Redfern review into the decline of HomeownershipMake Text Bigger
Published today, the Redfern Review is supposed to be an independent report, led by Pete Redfern, Chief Executive of Taylor Wimpey, commissioned by Labour Shadow Secretary of State for Housing, John Healey MP.
The review into home ownership reveals that the financial squeeze on young people is at the heart of the decline in the number of home owners and calls for a long term, cross-party approach to housing issues.
The Review indicates the primary causes of the decline in home ownership
The Review’s analysis shows that the primary causes of the 6.2 percentage point fall in home ownership between 2002 and 2014 are as follows:
- The biggest contribution to the fall in the home ownership rate after the financial crisis came from the higher cost of and restrictions on mortgage lending for first time buyers – namely tougher first time buyer credit constraints. This is estimated to have cut 3.8 percentage points off the UK home ownership rate from 2002 to the end of 2014.
- The biggest contributor to the fall in the home ownership rate before the financial crisis was the rapid increase in house prices. Between 2002 and 2014, higher real house prices are estimated to have reduced the private home ownership rate by 2.6 percentage points.
- The third major driver of the fall has been the decline in the incomes of younger people, aged 28-40, relative to people aged 40-65, i.e. the income of first time buyers relative to that of non-first time buyers. This younger age group’s average income fell from approximate parity with the over-40s to some 10% below in the wake of the financial crisis. This reduced the relative buying power of would-be first time buyers, pulling down the home ownership rate over the period by around 1.4 percentage points.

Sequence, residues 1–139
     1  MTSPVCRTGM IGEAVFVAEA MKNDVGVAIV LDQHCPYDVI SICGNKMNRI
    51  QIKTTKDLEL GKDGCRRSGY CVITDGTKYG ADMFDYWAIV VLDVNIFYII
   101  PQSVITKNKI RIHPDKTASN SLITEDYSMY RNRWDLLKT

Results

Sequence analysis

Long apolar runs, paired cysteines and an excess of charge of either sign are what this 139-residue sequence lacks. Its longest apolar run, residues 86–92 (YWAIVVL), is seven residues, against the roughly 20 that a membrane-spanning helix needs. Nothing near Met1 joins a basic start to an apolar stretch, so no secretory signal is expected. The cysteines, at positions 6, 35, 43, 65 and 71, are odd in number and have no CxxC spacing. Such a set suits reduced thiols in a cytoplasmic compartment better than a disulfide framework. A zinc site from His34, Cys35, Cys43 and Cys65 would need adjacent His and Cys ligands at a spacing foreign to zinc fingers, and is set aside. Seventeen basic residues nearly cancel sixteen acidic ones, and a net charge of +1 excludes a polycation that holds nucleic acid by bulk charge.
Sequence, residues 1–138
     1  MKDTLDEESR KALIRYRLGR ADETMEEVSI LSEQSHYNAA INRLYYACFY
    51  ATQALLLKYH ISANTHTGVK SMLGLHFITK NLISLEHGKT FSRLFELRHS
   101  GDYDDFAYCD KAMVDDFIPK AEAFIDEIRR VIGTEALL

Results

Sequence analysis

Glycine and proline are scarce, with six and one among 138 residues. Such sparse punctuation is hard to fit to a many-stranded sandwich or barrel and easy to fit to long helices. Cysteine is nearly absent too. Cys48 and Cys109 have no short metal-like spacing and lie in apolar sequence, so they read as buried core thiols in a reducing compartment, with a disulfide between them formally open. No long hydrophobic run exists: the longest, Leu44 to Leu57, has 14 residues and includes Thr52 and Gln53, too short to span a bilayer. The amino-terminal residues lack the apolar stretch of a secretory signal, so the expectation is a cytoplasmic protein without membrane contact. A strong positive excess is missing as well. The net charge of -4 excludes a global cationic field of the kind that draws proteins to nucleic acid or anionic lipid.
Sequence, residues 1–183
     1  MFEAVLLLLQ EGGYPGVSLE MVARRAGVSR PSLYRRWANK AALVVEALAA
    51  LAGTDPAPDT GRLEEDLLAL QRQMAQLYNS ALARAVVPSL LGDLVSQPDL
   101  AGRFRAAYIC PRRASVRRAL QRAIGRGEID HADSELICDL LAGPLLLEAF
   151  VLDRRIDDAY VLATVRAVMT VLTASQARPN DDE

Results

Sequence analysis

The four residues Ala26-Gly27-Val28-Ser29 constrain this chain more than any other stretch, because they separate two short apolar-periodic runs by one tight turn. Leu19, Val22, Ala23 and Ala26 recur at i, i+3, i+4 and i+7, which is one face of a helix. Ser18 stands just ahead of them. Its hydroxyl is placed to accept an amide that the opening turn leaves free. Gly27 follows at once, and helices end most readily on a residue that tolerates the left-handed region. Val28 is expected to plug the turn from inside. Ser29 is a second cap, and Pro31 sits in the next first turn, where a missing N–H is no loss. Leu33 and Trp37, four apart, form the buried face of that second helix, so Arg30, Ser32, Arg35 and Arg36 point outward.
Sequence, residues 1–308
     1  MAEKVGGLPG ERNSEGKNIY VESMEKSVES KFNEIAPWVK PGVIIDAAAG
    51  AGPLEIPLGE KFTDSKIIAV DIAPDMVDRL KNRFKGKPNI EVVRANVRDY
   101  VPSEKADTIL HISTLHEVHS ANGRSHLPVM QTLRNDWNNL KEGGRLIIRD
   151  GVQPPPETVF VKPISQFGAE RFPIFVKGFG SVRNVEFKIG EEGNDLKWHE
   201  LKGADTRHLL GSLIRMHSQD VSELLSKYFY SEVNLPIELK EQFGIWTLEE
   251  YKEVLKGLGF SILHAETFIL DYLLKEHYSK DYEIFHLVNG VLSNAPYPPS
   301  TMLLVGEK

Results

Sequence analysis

The Review also analyses the causes of the house price boom of 1996-2007, and the maintenance of prices at historically high levels in the period since the recession of 2008-2010. The main trends are macro-economic, with rising household incomes and employment and falling interest rates being the main drivers.
In common with other studies, we find that the impact of new supply on house prices in the short term is very small. For example, even increasing home production to around 300,000 for one year would reduce prices by only c.0.6%, given recent rates of household formation. New household formation and supply have been broadly in balance over the last 20 years and therefore the significant increases in house prices over that period have not been driven primarily by supply constraints.
We strongly encourage the current and future Governments to look long term at home ownership issues and to adopt a principle-led strategy against which individual, short term actions can be assessed.
In the Reports Conclusions it includes:
- Far more could and should be done to provide a healthy and stable renting environment, providing a better opportunity for young people to save and a better set of conditions for longer term renters
- Rental conditions for tenants should be improved whilst avoiding unnecessarily increasing landlords’ costs
Please read the full review HERE so that you can gauge an accurate weighting of the reports assumptions and conclusions for yourself
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